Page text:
The Consequences of Doubling the Minimum Wage: The Case of Indonesia
Indonesian minimum wages were tripled in nominal terms, and doubled in real terms, in the first half of the 1990s. The author analyzes data from the 1993 labor force survey to evaluate the effects of this hike on wage earnings and wage employment. The results suggest that the minimum wage hike had a modest impact on Indonesian labor market outcomes, increasing average wages by 5â€“15% and decreasing urban wage employment by 0â€“5%. The employment effects, however, varied substantially by firm size: small firms apparently experienced substantial decreases in employment, whereas some large firms actually saw their employment increase. Workers in those large firms, the author concludes, are the evident winners from the minimum wage hike.
References listed on IDEAS
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- Mason, Andrew D. & Baptist, Jacqueline, 1996. "How important are labor markets to the welfare of the poor in Indonesia?," Policy Research Working Paper Series 1665, The World Bank.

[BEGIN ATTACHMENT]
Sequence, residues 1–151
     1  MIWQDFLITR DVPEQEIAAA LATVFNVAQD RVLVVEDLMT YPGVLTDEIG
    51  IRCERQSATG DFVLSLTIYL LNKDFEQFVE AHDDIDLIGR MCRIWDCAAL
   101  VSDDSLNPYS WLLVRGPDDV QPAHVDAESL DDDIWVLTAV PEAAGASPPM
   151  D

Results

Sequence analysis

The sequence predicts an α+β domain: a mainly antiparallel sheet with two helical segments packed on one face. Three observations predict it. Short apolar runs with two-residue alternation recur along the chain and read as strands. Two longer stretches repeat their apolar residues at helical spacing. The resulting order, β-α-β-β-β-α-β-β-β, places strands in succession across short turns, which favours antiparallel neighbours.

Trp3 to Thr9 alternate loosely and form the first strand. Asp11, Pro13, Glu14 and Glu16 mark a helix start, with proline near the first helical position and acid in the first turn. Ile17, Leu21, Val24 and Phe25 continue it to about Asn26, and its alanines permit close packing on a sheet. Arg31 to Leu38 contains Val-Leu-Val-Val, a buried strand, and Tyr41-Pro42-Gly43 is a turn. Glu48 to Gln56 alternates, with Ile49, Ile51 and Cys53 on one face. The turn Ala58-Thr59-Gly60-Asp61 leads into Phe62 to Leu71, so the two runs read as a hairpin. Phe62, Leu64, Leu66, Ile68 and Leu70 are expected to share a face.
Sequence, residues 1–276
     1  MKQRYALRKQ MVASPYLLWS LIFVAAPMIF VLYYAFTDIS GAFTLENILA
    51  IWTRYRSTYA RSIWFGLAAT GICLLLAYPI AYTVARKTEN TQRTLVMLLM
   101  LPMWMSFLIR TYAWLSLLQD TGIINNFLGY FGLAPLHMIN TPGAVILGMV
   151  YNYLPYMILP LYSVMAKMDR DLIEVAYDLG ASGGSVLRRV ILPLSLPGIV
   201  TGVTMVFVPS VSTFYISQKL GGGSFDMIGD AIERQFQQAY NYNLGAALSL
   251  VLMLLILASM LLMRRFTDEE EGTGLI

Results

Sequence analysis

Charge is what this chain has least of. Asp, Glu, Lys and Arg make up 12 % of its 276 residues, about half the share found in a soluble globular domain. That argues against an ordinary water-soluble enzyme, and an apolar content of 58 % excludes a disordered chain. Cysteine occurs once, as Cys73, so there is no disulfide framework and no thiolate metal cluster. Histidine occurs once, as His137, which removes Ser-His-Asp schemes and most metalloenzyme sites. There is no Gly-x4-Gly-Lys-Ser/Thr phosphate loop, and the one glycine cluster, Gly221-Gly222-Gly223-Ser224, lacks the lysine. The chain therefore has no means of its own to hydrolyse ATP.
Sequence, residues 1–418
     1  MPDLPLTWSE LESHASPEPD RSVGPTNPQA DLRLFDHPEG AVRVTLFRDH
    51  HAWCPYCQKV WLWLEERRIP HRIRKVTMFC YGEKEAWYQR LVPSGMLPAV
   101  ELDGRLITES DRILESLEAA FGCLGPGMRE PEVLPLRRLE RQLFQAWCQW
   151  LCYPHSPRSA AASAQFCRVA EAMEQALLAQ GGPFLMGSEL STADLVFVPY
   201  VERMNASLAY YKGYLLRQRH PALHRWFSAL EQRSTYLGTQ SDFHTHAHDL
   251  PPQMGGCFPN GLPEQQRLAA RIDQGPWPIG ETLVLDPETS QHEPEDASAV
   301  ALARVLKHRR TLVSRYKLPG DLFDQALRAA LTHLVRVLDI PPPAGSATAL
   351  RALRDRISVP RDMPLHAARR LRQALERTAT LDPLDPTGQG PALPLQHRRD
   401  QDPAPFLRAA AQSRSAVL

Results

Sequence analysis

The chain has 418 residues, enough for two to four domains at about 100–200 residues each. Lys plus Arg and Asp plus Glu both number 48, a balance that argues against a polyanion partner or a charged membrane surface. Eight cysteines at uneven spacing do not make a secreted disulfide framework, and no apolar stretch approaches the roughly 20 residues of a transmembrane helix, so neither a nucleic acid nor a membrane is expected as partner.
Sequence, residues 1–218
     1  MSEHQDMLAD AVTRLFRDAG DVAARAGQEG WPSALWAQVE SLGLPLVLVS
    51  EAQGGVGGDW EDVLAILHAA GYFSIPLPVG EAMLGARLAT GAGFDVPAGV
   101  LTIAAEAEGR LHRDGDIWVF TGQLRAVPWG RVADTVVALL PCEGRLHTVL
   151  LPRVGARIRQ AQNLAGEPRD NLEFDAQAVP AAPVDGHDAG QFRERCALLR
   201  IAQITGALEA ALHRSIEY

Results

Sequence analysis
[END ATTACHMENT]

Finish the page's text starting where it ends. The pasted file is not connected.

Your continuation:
- Richard Dickens & Stephen Machin & Alan Manning, 1994. "The Effects of Minimum Wages on Employment: Theory and Evidence from the US," NBER Working Papers 4742, National Bureau of Economic Research, Inc.
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- Alida Castillo-Freeman & Richard B. Freeman, 1992. "When the Minimum Wage Really Bites: The Effect of the U.S.-Level Minimum on Puerto Rico," NBER Chapters,in: Immigration and the Workforce: Economic Consequences for the United States and Source Areas, pages 177-212 National Bureau of Economic Research, Inc.
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